Fats 101: 6 Types You Should Know
Health Hacks Not all fats are created alike. In fact, there are 6 types of fat—some should be avoided, while others are needed in small quantities to promote better health.
Fat is a nutrient that is needed in small quantities in the body. It plays a role in the absorption of fat-soluble vitamins (vitamins A, D, E, K), aids in the manufacturing of hormones, helps keep the body warm and adds cushioning to protect the body from being damaged from a simple fall.
Fat is also needed for stored energy. It provides 9 calories per gram, and therefore has more calories than carbohydrates and protein.
There are different types of fats, which include: saturated fats, trans fatty acids, cholesterol, monounsaturated fats, polyunsaturated fats and omega 3 fatty acids.
1. Trans fatty acids are a byproduct of the hydrogenation of oils. This process makes the fat more solid, saturated and more resistant to rancidity. Trans fatty acids raise LDL cholesterol and lower HDL. Avoiding foods with trans fatty acids is ideal. Foods high in trans fatty acids include baked goods and processed snacks (muffins, pastries, cookies, chips, cakes), stick margarines and shortening.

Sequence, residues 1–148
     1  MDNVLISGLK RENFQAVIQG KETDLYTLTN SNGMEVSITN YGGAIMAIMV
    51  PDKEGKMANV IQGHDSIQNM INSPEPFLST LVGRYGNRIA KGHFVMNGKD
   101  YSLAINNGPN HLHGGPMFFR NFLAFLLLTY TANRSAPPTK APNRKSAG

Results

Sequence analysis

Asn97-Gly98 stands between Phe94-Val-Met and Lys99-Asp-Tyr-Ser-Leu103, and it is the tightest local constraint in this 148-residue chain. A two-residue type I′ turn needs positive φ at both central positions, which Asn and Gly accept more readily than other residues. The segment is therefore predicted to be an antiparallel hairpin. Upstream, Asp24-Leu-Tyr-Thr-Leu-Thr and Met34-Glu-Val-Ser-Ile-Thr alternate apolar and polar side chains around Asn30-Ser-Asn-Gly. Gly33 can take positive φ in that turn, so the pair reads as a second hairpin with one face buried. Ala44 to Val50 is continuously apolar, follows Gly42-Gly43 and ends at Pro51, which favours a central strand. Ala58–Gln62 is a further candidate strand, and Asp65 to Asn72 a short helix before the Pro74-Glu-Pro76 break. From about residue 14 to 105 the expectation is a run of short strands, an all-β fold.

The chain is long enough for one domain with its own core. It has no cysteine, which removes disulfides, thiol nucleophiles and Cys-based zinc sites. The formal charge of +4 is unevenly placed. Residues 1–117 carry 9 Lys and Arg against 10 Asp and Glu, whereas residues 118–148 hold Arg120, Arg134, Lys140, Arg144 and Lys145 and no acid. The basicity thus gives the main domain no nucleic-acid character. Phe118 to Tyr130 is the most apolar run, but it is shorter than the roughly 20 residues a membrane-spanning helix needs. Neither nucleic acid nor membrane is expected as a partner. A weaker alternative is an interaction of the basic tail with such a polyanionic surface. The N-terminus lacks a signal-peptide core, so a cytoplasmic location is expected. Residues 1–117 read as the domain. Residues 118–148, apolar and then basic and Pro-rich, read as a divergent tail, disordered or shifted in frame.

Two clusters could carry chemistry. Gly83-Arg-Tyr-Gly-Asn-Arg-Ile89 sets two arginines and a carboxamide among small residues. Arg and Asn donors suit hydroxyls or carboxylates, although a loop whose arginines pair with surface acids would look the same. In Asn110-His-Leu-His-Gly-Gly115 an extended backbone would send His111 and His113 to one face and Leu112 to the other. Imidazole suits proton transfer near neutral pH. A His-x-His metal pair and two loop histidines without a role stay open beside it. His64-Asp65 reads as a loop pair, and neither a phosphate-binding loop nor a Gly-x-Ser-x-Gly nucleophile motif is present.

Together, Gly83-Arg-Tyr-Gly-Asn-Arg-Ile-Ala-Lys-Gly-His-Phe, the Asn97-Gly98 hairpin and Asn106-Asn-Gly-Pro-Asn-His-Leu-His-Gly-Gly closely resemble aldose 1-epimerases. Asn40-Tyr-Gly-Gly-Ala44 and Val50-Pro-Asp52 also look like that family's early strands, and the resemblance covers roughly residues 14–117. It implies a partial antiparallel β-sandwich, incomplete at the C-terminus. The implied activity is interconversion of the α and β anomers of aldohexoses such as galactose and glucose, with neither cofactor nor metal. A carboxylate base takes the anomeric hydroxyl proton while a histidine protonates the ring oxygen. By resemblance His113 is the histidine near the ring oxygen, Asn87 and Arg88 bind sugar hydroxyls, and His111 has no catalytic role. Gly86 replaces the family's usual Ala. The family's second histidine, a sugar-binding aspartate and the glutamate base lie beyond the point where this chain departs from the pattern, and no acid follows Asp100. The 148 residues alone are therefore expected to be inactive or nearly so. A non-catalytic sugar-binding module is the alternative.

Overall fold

2. Monounsaturated fats are "good” fats as they help lower total cholesterol. Food sources include olive oil, peanut oil, canola oil, almonds, pecans, peanut butter, avocado and black olives.
3. Polyunsaturated fats (omega-6 fatty acids) may also help lower cholesterol levels. Sources include margarine, mayonnaise, walnuts, oils (corn, safflower, and soybean), salad dressing and pumpkin seeds.
4. Saturated fats may increase cholesterol levels. Foods that contain saturated fat include animal proteins (beef, hot dogs, sausage, bacon and poultry with skin), high fat dairy products (whole milk, cheese, butter), lard, cream sauces, palm oil, coconut and coconut oil.
5. Cholesterol is made in the body and also obtained from the foods you eat. Dietary cholesterol may raise blood cholesterol levels, so your intake should be less than 200 mg per day. Sources of cholesterol include high-fat animal proteins, high-fat dairy products, egg yolk, liver and other organ meat, and shell fish.
6. Omega-3 fatty acids have shown to help lower triglycerides and cholesterol levels and reduce the risk for heart disease. Fish and fish oils, such as wild salmon, herring, mackerel and sardines, are the best sources of these fats, as well as flaxseeds, walnuts and canola oil. The recommended intake is 1 to 2 grams per day.